I finally got the full effect of a hilltopping experience on March 25 when I hiked to the summit of Sentinel Peak (“A” Mountain), just west of downtown Tucson, Arizona. At only 2, 897 ft. (883 meters) above sea level, and rising a mere 522 feet off the desert floor, it is more of a butte than a mountain. Still, its relative isolation makes it an effective magnet for hilltopping insects.
“A” Mountain is named for the immense concrete letter on its eastern slope, painted in the red, white, and blue colors of the University of Arizona. Most folks visit the top for the spectacular panoramic view of Tucson and its surrounding mountain ranges. It can be a romantic setting at dusk, too. Male insects of many species come there for romance as well, but usually have to defend territories or otherwise repel rival males in the process.
Among those insects are bumble bee-sized bot flies, Cuterebra austeni. The big, black and white adults are not often seen during their brief existence. They have no functional mouthparts and are fueled only by burning the fat reserves they accumulated in the larval stage. As larvae they are subdermal parasites of either rodents or rabbits, depending on the species. I’ll spare you the gory details.
The male flies conserve their energy and will allow you to approach extremely closely if you do so carefully. Once startled, or when they detect a rival or a female, they jet off at warp speed. Eventually they return to the same spot, or very close by.
A more typical, larger, and colorful hilltopping insect is the black swallowtail, Papilio polyxenes. These butterflies are in seemingly constant motion, flying swiftly across the summit and only pausing to perch for very brief periods.
They are incredibly aggressive, chasing each other mercilessly. You can actually hear their wings and bodies colliding, so violent are their aerial duels.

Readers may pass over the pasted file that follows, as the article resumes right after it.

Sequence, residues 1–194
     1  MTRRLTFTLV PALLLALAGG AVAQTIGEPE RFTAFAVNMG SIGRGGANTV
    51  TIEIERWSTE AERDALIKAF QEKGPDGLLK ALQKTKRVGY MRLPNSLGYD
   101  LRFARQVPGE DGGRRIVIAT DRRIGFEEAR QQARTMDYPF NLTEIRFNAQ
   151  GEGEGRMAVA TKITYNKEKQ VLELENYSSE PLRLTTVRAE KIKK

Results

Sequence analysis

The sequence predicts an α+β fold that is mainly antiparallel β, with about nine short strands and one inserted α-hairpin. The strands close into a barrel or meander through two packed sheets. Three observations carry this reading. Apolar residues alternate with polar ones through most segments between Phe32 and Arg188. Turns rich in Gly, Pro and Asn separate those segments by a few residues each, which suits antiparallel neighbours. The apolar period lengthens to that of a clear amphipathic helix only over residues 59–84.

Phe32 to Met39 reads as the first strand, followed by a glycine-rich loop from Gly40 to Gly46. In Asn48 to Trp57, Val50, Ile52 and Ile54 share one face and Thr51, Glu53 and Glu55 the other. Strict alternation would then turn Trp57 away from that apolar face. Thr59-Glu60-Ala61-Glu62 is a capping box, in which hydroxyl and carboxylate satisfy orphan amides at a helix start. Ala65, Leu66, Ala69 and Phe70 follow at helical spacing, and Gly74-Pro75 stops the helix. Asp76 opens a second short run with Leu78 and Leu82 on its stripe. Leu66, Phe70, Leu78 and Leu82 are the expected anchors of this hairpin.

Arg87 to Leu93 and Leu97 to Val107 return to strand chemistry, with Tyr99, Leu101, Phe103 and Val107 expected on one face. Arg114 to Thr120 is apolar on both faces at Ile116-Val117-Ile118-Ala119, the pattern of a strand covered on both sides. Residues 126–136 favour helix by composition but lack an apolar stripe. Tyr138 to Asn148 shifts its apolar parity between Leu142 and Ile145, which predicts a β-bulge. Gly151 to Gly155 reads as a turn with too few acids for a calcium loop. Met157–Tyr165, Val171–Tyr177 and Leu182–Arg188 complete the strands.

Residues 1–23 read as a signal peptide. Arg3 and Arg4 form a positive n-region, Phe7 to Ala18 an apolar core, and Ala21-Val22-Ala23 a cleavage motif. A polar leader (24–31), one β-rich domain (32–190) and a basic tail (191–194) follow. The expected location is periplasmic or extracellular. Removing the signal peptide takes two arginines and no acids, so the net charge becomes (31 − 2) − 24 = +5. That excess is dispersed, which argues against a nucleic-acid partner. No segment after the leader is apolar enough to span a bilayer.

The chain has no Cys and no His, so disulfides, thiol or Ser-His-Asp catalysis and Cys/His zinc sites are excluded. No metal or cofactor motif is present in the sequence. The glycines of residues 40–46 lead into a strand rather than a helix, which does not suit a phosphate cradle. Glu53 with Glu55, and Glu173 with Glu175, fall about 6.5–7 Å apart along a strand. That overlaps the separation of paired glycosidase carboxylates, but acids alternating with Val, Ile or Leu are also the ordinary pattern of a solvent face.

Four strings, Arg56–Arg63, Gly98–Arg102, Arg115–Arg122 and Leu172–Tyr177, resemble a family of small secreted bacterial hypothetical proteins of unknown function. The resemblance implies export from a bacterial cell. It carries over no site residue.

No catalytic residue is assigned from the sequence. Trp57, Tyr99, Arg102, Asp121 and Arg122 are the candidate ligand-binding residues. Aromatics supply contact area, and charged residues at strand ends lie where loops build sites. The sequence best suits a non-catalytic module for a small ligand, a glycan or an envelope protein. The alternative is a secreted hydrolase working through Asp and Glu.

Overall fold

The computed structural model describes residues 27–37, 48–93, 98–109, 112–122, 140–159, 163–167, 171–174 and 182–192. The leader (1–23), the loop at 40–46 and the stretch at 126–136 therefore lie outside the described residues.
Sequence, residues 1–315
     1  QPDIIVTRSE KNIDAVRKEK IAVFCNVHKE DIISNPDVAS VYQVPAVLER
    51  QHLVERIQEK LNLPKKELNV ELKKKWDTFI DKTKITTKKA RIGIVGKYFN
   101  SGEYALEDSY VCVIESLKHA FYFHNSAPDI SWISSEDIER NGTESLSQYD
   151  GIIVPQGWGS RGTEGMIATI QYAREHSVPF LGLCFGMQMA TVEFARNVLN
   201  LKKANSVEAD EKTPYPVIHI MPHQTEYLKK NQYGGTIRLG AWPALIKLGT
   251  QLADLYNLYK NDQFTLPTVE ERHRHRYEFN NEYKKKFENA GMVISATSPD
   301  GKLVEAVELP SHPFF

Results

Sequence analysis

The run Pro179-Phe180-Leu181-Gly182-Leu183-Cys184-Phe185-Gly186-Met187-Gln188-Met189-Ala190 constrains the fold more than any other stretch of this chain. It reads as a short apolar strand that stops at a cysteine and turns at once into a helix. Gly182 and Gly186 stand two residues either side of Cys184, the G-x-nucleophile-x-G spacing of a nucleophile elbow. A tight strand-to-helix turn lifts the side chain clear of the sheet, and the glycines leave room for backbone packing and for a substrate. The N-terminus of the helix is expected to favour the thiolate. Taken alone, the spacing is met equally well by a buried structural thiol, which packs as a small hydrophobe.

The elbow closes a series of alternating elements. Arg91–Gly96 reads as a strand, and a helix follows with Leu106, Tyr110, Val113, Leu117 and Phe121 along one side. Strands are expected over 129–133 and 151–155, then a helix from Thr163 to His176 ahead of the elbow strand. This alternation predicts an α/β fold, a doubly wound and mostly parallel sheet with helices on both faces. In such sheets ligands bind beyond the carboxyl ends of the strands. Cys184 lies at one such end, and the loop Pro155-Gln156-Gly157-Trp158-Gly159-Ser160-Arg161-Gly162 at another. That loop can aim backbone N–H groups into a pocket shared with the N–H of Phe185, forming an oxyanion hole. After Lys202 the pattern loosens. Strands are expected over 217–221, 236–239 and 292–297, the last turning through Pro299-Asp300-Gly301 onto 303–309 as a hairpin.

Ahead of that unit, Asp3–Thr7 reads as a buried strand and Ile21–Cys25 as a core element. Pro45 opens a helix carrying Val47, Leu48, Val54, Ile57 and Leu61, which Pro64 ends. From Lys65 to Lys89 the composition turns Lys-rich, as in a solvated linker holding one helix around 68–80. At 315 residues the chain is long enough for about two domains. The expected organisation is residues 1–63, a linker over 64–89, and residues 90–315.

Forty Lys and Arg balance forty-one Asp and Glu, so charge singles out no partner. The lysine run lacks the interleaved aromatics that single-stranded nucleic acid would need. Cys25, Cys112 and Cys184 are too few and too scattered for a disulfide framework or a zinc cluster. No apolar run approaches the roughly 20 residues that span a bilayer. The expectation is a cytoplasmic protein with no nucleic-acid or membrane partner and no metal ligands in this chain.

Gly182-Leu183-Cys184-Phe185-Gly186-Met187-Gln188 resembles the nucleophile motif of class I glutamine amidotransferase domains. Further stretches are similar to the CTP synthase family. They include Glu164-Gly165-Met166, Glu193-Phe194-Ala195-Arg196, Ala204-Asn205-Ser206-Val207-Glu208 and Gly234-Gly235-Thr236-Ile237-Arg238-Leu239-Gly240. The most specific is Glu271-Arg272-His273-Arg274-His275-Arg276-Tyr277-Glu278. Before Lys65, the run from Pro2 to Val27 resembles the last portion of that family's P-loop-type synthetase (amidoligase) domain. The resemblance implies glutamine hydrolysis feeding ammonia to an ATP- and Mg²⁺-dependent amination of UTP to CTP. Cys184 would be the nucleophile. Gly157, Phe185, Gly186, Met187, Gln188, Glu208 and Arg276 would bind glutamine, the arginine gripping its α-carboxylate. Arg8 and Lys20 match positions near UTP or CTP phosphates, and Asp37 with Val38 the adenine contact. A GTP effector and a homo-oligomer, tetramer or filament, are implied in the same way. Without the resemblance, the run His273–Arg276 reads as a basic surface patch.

Perhaps the most unexpected and unusual insect I discovered was the pollen wasp Pseudomasaris maculifrons. Pollen wasps are solitary insects in the same family as potter wasps, mason wasps, and the social hornets, yellowjackets, and paper wasps. While her cousins feed their larval offspring with other insects, the female pollen wasp stores pollen and nectar in her mud nest.
Males are easily recognized by their peculiar antennae: long and clubbed. Females have much shorter, clubbed antennae. Males of this particular species are known to perch repeatedly in the same small area, day after day, for as long as 29 days (Alcock, John. 1985. “Hilltopping Behavior in the Wasp Pseudomasaris maculifrons(Fox),” Journal of the Kansas Entomological Society, 58(1), pp 162-166). Between February and May, different generations of males occupy the same locations in different years. They are very active insects, but do not appear to be nearly as belligerent as bot flies or black swallowtails.It turns out the top of the peak also attracts other insect photographers. I crossed paths there with my friend Philip Kline, who I hadn’t seen in probably two years! We had a great time catching up, and helping each other identify the insects we were seeing.
May your own hilltop experiences be just as rewarding and enjoyable. You could very well discover something new (especially regarding bot flies), to yourself or the scientific world.
Sometimes you become the best perch on the peak!